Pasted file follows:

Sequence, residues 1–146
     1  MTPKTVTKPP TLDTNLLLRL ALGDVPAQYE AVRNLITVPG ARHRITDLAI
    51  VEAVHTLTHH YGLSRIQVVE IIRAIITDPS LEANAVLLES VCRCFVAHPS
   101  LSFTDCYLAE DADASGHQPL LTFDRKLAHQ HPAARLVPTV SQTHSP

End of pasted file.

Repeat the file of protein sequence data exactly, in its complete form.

Sequence, residues 1–146
     1  MTPKTVTKPP TLDTNLLLRL ALGDVPAQYE AVRNLITVPG ARHRITDLAI
    51  VEAVHTLTHH YGLSRIQVVE IIRAIITDPS LEANAVLLES VCRCFVAHPS
   101  LSFTDCYLAE DADASGHQPL LTFDRKLAHQ HPAARLVPTV SQTHSP